Your Boyfriend, Oscar Isaac, to Play Natalie Portman’s Husband in Female-Led Sci-Fi Movie, Annihilation
It's a trilogy known for its dearth (heh heh) of male characters.
As Vanity Fair so eloquently puts it, the Internet’s boyfriend, Oscar Isaac, will be taking on the archetypal “ghost wife” role in Annihilation, Alex Garland’s (Ex Machina) next project. He’ll be playing Natalie Portman’s husband, whose team of scientists all died while studying the mystery surrounding a place known as Area X. Portman’s character (a biologist) joins three other female scientists to carry out the study. The other three scientists are played by Tessa Thompson, Gina Rodriguez, and Jennifer Jason Leigh.
Each of these women is known only by their profession: the biologist, the psychologist, the surveyor, and the anthropologist. Portman’s character is mostly motivated by her wish to find out what happened to her husband. Since the movie centers on these women and the mysterious, inexplicable things that happen during their journey, one can expect Isaac’s role to be fairly minor, much in the same way Marion Cotillard’s role was in Inception. In fact, the movie sounds like it parallels much of Inception: a crack team going into a mysterious place to carry out a mission, all the while being haunted by the memory of a “ghost
wife husband” who ends up being the focus of one of the characters.
Truth be told, that’s where I hope the parallels to Inception cease. I get excited thinking about brand new, original sci-fi movies because in a genre that’s fairly tired, I think brand new stories are exactly what the doctor ordered, so to speak. Given Garland’s excellent work on Ex Machina, and considering Isaac’s involvement in the same movie, Annihilation will be a project that should be pinging pretty brightly on everybody’s radar.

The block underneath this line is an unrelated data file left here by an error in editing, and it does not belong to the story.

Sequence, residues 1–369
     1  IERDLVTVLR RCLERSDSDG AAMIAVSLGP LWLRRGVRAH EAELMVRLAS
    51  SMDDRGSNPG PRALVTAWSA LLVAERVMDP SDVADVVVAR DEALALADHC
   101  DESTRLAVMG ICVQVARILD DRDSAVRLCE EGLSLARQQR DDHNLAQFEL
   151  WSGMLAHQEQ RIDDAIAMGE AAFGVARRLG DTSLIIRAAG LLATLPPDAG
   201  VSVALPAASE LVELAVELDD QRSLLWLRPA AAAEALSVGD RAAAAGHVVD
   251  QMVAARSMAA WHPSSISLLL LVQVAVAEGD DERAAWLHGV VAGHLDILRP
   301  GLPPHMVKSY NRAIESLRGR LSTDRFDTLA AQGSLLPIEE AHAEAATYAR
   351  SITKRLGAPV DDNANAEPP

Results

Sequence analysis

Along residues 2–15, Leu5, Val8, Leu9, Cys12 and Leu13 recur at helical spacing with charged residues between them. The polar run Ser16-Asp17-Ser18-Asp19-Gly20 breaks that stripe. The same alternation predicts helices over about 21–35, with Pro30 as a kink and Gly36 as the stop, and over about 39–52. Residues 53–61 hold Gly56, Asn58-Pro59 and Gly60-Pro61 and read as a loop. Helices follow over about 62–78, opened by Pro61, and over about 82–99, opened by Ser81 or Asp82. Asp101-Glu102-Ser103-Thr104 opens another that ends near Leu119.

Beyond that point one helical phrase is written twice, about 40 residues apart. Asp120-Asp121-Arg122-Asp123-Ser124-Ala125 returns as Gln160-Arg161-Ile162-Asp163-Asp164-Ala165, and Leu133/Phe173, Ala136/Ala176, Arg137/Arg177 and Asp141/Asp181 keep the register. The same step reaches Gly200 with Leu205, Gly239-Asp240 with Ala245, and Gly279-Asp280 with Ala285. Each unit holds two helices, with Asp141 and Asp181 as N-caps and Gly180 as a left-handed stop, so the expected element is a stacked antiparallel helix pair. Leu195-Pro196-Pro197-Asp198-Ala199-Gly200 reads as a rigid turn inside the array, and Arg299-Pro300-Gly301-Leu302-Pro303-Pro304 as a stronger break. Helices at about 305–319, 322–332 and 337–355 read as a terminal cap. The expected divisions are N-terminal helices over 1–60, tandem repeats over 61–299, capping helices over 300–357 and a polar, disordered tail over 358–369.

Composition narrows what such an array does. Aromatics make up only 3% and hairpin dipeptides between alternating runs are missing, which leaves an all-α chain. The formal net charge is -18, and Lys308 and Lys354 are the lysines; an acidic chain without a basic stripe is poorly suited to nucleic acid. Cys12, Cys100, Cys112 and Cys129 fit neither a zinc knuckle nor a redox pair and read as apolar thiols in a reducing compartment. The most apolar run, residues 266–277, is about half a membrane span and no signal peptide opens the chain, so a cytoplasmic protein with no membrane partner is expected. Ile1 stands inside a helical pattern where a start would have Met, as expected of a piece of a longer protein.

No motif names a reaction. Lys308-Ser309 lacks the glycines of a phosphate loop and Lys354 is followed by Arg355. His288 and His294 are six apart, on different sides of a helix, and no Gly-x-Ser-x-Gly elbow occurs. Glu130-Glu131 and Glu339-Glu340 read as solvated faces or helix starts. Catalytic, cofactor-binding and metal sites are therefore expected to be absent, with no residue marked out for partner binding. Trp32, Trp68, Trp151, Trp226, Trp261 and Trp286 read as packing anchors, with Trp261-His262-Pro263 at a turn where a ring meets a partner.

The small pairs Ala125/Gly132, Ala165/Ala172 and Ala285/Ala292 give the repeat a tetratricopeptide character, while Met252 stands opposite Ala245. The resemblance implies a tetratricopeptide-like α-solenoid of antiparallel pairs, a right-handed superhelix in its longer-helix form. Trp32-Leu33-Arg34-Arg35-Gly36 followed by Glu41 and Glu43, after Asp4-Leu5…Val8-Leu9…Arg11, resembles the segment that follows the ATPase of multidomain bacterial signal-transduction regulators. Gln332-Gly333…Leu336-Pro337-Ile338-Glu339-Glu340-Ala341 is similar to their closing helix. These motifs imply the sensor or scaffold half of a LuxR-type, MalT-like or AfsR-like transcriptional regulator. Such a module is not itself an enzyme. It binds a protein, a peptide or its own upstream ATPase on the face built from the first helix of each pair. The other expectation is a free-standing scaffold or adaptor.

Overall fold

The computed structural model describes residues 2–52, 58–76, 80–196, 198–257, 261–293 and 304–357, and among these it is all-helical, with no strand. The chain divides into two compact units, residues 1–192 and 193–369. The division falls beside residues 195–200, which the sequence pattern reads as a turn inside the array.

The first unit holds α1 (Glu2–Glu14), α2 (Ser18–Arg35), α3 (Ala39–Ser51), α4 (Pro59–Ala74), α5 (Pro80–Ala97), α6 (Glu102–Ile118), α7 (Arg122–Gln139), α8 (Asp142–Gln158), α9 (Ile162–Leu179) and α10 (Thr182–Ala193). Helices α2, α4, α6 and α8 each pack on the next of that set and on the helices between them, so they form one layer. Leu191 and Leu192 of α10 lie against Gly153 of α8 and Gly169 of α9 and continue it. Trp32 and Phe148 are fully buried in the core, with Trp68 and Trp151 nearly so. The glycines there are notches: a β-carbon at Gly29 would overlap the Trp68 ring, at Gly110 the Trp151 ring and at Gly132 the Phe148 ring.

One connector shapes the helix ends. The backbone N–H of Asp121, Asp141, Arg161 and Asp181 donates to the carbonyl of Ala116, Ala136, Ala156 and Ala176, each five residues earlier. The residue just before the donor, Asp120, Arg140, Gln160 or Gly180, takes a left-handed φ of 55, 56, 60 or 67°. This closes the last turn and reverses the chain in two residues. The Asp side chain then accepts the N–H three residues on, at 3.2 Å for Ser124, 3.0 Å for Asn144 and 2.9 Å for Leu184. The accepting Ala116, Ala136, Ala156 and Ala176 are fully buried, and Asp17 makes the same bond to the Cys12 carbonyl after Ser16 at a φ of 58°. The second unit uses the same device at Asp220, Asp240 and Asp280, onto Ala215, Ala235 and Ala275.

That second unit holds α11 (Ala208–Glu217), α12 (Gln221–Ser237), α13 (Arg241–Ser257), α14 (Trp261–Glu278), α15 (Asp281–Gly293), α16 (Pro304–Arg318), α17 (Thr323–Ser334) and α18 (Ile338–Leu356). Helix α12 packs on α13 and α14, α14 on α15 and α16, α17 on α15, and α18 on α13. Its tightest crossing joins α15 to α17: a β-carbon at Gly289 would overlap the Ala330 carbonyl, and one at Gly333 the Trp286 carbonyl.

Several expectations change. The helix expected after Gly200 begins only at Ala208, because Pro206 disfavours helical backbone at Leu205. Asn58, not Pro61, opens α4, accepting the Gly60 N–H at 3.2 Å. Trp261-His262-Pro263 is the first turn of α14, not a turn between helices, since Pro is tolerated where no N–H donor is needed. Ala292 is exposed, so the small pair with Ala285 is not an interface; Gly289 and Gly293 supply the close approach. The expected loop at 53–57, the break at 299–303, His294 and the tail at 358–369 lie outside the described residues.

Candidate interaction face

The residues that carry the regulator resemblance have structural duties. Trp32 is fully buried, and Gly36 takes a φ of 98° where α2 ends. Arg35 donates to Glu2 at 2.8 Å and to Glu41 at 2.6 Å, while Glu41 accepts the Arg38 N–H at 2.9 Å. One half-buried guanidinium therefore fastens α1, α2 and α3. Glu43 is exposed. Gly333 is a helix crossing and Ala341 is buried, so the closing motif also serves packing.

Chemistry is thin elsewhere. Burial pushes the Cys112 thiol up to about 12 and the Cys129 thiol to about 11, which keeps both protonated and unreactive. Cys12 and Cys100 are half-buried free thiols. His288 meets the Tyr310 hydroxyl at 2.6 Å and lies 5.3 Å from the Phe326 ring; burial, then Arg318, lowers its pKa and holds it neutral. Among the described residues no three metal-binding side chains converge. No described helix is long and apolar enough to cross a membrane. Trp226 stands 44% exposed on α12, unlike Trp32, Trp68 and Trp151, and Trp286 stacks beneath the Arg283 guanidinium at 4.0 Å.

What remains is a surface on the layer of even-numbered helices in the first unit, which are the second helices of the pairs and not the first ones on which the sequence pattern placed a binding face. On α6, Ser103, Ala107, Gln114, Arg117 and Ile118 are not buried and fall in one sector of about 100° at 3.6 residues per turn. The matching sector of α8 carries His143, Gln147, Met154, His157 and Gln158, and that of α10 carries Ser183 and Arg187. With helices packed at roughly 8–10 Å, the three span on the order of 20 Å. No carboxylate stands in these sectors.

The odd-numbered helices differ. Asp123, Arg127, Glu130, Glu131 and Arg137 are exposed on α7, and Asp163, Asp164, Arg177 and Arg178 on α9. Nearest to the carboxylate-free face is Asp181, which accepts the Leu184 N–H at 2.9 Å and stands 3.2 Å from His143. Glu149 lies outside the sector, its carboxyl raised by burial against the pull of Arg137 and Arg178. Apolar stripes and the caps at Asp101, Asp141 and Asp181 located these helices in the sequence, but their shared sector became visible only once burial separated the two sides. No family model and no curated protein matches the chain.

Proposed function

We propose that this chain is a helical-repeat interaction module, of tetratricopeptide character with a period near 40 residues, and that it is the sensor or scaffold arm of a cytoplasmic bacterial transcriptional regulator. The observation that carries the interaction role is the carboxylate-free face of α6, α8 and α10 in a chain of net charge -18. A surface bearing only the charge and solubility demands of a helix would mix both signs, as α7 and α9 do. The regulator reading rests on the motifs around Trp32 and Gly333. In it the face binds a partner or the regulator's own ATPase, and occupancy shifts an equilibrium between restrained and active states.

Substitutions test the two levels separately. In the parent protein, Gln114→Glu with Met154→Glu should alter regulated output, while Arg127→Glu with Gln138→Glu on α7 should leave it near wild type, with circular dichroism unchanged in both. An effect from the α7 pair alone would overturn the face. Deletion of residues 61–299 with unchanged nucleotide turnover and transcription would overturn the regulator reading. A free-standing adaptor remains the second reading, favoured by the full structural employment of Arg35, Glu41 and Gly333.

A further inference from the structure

For those of you who can’t wait, you can check out the novel of the same name on which the movie is based, written by Jeff VanderMeer. It’s one of a trilogy of books, called the “Southern Reach” trilogy, all of which came out in 2014. Annihilation in particular is a story known for its dearth (see what I did there) of male characters—at least, if the replies to VanderMeer’s announcement above are anything to go by. If this holds true and Hollywood doesn’t muck it up by taking so-called “creative license,” and if this trilogy does well, then the long game implications are that we could hopefully see more mostly-female-led movies and trilogies down the line.
Now that would be a hell of a thing.
(image via Universal Pictures)
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